With Climate Change Still Our Biggest Threat, Why Inaction From U.S. Insurers Is Increasingly Indefensible

 Friday, December 11, 2020

 Risk & Insurance

Do you remember back in April when the price of a barrel of crude oil went negative for the first time in history? That shocking event was just another chapter in the downward trend in the value of fossil fuel assets the world over.

Over the past decade, (according to comparisons of the S&P 500, the S&P 500 Energy and the Dow Jones U.S. Coal indices on September 18, 2020) U.S. oil and gas companies lost 43 percent of their value, and coal companies lost a staggering 98 percent.

The COVID-19-induced economic recession is deepening these losses and making a compelling case for investing in and underwriting a clean energy economy.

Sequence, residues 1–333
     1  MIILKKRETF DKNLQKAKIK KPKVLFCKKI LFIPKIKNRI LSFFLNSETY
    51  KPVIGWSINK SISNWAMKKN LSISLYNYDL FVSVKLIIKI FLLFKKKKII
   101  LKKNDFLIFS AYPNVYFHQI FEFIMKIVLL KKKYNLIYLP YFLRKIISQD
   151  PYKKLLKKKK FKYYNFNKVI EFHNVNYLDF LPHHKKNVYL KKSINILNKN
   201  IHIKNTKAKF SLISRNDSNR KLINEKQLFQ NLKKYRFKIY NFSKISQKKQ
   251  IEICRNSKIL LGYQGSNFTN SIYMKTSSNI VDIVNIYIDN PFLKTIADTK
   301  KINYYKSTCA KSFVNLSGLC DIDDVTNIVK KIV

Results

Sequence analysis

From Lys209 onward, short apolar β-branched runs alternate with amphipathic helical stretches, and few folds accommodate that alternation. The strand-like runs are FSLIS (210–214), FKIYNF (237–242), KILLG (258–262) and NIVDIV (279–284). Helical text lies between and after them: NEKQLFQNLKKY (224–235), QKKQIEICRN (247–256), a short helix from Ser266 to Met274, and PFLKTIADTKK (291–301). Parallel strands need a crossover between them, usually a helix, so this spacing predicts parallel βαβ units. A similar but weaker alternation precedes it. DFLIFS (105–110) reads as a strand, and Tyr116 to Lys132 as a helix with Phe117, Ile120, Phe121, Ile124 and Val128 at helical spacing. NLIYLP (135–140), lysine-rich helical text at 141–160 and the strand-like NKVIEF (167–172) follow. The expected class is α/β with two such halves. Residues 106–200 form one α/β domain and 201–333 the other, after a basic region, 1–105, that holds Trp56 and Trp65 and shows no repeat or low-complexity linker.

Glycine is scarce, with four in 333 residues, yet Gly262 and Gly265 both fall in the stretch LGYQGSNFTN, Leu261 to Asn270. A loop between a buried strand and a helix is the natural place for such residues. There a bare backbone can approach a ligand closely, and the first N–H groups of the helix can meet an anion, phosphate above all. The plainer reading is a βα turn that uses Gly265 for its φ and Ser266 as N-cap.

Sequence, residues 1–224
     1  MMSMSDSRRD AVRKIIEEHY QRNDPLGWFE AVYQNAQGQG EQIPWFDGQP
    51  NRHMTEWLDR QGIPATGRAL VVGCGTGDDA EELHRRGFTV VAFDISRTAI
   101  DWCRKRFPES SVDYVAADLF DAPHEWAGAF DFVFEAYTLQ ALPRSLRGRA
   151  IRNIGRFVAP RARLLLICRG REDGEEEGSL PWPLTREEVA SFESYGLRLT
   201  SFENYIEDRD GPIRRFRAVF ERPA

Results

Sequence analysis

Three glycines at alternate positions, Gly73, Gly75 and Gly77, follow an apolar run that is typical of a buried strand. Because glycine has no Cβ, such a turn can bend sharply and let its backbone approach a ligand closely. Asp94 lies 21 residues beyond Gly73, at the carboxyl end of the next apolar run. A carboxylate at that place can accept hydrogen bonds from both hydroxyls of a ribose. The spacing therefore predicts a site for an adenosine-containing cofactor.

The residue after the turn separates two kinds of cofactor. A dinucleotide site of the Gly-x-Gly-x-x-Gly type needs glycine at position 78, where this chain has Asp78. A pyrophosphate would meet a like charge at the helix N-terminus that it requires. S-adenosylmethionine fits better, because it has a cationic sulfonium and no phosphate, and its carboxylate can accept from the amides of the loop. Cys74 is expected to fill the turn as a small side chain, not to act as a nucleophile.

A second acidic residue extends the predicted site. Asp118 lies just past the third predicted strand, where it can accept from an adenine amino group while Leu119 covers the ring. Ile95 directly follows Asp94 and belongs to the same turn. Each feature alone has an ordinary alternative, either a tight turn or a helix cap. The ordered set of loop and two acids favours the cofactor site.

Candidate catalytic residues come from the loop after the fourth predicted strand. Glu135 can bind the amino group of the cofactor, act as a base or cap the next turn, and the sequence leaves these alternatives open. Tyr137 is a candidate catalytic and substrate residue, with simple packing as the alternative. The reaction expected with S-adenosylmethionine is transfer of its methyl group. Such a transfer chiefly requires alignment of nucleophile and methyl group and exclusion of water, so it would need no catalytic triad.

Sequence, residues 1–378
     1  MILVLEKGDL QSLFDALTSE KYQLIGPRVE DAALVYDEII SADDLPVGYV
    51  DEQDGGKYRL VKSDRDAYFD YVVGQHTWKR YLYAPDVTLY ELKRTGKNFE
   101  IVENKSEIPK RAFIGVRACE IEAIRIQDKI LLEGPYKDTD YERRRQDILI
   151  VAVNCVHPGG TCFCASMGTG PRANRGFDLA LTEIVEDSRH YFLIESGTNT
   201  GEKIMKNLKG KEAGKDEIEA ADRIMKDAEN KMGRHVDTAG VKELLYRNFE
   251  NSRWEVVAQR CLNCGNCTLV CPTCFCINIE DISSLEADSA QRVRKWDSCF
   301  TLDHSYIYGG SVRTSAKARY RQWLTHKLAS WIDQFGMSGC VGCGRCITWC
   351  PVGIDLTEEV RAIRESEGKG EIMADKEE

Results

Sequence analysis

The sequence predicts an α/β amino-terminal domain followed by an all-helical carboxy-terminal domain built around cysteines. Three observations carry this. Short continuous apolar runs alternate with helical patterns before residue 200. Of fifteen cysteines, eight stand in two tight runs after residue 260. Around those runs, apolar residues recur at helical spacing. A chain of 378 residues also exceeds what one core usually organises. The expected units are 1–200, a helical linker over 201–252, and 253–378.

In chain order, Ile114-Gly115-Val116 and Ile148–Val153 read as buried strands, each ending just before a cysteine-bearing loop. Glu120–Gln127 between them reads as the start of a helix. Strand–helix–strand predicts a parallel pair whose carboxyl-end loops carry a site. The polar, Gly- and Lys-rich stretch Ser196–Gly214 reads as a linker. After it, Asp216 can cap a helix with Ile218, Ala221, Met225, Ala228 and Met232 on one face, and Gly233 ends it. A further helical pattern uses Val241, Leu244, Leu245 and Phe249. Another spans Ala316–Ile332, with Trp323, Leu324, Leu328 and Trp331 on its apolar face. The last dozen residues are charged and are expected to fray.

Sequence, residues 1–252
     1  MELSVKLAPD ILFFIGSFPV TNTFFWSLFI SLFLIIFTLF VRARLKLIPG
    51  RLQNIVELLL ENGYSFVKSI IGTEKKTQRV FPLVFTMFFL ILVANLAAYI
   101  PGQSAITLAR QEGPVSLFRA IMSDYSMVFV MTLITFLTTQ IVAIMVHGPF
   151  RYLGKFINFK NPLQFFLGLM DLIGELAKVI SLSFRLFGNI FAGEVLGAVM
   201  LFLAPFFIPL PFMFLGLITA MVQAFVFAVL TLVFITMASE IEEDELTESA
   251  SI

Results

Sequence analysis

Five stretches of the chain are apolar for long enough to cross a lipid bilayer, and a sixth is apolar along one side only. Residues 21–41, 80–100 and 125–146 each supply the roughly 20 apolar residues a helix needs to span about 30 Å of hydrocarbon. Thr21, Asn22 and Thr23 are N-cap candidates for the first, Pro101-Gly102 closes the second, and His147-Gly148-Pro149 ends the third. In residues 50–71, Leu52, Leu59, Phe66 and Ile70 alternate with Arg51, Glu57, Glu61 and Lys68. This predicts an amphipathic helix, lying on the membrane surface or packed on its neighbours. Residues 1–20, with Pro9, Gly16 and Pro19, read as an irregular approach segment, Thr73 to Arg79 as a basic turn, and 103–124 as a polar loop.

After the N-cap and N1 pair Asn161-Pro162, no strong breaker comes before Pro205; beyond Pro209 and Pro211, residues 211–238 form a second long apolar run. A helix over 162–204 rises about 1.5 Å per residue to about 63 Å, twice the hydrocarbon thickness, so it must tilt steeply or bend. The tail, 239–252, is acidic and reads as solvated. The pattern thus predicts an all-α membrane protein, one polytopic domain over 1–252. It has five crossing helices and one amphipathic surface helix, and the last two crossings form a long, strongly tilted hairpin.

In my former role as an employee at a large global property and casualty insurer, I advocated internally for the company to be more proactive in addressing its own stance on underwriting and investing in fossil fuel projects.

And while they and other insurers have made positive strides over the past several years, new research from the Insure Our Future campaign shows that the U.S. insurance industry unfortunately continues to lag far behind global peers when it comes to meaningful action to eliminate the human-made causes of climate change.
Risk Management
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